MEDFORD — The City Council wants to go another round in court despite a January dismissal of its legal challenge against its own Zoning Board. The council wants to overturn a decision by the Zoning Board of Appeals to approve the construction of an apartment complex on the site of the former Shaw’s market on Locust Street.
The project was backed by Mayor Stephanie M. Burke and other city officials, but also drew opposition by a number of abutters, some of whom joined the City Council in their appeal suit against the Zoning Board.
The nine-member Council voted unanimously to appeal a Massachusetts Land Court dismissal of a suit the Council filed against the Zoning Board which challenged the variances granted the property owner Equity One, to build a 490-unit apartment complex.
The Council sued the Zoning Board in 2016, citing a ruling by the Mass. Attorney General’s office that the board had violated the state’s Open Meeting Law and “exceeded its authority in granting variances because none of the statutory criteria are met and use variances are not authorized in the City of Medford.”
The Land Court ruled it had no jurisdiction to hear the legal challenge on the open meeting law violation and dismissed that chase, stating that such rulings on that part of state law can only be made in Massachusetts Superior Court.
The other part of the Council’s allegations were dismissed as well with the court ruling fhe zoning and variance issues in question in the Shaw’s site were not part of the Council’s governing “duties.”
Medford Council President Richard Caraviello said an appeal of the Land Court’s dismissal decision allows the Council to keep pursuing the matter.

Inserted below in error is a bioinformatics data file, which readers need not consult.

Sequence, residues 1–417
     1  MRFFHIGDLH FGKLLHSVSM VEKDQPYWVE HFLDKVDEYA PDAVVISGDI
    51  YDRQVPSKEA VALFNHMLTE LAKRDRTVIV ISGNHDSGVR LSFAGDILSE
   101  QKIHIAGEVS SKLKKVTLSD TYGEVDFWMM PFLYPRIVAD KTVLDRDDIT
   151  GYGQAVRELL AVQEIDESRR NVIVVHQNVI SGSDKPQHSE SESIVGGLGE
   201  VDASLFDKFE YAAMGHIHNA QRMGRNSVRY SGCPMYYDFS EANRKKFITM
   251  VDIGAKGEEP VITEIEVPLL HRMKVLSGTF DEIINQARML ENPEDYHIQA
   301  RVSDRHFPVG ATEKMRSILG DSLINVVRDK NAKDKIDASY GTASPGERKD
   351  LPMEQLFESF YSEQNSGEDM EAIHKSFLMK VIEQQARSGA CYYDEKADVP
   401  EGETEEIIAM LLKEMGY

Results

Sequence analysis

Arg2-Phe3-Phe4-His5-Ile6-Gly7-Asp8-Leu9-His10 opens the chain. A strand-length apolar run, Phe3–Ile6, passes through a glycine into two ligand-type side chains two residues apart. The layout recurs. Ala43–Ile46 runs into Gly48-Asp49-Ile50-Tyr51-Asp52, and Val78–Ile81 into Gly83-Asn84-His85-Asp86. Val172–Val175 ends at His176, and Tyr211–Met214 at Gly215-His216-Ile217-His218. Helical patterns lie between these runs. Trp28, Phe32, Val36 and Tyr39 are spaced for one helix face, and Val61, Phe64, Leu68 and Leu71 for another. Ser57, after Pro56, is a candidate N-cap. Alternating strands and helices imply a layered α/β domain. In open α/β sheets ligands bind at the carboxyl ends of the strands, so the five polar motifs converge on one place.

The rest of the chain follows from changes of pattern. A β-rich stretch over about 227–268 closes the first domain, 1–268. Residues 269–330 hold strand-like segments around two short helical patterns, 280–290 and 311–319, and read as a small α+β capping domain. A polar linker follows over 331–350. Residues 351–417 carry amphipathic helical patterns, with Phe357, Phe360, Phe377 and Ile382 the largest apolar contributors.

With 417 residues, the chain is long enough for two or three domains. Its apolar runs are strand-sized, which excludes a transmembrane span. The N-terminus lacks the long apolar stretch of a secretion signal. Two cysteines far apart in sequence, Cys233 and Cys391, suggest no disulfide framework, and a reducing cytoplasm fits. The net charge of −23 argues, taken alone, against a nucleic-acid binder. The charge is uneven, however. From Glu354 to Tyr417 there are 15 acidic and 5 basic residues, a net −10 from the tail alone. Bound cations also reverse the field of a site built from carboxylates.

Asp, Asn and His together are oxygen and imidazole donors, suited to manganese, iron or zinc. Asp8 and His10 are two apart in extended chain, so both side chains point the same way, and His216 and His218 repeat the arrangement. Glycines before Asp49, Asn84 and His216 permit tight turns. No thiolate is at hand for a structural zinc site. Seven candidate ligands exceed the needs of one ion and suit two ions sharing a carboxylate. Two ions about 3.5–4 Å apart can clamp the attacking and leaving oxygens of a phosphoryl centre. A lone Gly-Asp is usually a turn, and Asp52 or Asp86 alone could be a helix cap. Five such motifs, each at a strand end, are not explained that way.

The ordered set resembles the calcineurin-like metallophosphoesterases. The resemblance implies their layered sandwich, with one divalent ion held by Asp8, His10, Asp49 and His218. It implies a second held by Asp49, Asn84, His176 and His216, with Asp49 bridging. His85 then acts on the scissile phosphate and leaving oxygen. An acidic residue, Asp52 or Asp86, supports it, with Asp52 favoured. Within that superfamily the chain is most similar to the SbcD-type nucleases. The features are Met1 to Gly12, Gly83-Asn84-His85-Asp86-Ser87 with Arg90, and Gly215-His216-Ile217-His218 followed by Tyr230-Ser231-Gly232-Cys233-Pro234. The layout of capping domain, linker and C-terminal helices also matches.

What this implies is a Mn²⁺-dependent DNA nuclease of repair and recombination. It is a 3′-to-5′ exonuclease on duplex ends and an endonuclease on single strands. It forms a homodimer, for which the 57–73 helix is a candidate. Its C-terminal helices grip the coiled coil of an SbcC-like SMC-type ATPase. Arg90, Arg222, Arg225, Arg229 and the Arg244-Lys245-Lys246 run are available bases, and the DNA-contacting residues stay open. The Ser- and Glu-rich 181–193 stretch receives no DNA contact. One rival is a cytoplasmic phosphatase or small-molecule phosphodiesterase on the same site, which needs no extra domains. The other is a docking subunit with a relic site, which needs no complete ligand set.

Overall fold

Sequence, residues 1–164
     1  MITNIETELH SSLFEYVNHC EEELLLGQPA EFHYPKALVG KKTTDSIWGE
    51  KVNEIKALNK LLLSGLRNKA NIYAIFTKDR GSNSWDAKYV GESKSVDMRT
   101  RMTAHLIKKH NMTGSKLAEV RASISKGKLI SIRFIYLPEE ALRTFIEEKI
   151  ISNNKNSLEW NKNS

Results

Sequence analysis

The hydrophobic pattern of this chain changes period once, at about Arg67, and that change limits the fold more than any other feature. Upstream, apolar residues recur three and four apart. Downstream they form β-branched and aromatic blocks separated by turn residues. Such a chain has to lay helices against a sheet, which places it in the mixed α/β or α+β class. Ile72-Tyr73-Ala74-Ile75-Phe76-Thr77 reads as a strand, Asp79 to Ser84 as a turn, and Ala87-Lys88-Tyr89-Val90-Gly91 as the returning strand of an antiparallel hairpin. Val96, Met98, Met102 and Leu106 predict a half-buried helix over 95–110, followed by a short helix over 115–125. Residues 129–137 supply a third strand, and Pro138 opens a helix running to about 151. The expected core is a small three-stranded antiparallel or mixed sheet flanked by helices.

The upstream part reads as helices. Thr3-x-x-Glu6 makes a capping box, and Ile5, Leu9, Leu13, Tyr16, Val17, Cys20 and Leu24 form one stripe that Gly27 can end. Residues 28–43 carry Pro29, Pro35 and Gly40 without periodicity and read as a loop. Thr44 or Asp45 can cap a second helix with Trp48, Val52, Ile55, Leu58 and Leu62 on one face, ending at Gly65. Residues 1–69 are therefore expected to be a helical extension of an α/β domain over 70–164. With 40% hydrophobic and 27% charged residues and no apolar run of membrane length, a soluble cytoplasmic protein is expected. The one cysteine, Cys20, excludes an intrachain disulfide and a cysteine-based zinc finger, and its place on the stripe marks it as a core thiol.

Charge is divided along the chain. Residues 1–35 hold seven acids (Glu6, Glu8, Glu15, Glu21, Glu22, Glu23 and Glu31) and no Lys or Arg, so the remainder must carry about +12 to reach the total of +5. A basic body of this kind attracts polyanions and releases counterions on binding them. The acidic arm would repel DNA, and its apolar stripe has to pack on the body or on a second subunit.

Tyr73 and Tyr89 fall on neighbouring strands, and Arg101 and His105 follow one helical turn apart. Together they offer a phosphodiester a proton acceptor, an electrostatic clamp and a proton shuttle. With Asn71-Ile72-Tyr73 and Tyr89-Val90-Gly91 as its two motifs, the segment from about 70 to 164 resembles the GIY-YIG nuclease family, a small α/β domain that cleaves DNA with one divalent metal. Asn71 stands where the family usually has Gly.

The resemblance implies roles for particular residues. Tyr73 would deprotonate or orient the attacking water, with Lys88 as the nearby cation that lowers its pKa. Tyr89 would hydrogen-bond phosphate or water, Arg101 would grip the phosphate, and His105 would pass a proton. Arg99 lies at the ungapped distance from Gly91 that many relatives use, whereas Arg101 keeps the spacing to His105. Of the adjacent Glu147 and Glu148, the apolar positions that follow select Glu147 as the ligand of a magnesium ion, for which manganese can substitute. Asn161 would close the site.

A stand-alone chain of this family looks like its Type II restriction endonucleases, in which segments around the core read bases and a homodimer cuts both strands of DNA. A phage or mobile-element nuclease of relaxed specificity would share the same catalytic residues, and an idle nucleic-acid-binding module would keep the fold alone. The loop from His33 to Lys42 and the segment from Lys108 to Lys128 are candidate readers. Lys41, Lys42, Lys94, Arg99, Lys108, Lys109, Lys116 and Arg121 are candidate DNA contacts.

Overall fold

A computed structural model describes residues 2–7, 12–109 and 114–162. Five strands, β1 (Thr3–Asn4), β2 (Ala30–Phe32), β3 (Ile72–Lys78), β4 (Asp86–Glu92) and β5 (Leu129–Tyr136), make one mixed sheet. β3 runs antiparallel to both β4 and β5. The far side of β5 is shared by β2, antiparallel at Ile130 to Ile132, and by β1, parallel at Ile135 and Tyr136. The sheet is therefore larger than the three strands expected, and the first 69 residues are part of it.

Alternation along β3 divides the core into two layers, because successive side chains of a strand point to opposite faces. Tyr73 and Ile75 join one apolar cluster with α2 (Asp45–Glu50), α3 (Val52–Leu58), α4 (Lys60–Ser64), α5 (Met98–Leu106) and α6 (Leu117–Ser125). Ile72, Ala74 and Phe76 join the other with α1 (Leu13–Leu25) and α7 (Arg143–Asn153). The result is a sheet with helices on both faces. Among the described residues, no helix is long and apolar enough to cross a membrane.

Opponents cited traffic concerns and the size of the project and questioned the number of ordinances, as the Zoning Board approved all 11 variances requested by Equity One, including parking spaces, lot size and residential development in an area zoned for industrial use.
In supporting the vote by the Council on continuing the court case. Medford City Councilor Brianna Lungo-Koehn said she disagreed with the Land Court’s ruling the Council had “no standing” in the matter, saying the Council does have oversight and votes up or down on approval of zoning ordinance changes.
The veteran Councilor also noted that while some of the abutters had reached settlements with the land’s owners and ceased legal opposition, “we had over 100 people here” in a meeting in June 2016 where Councilors backed the opponents of the Zoning Board’s move.
Equity One’s plans include the demolition of the existing 60,000 square foot former Shaw’s market building and the still-in-operation, 5,000-square-foot Eastern Bank building. Three new buildings would then be constructed there, totaling more than 500,000 square feet, including a relocation of the Eastern Bank business to the first floor of the main structure at the new development.
When the project was first proposed in spring of 2016, Burke said, “I think it is a fabulous opportunity to create a neighborhood in that part of the city. Those are all benefits of adding a streetscape to that neighborhood. I almost anticipate that it could like a little like Station Landing on that site.”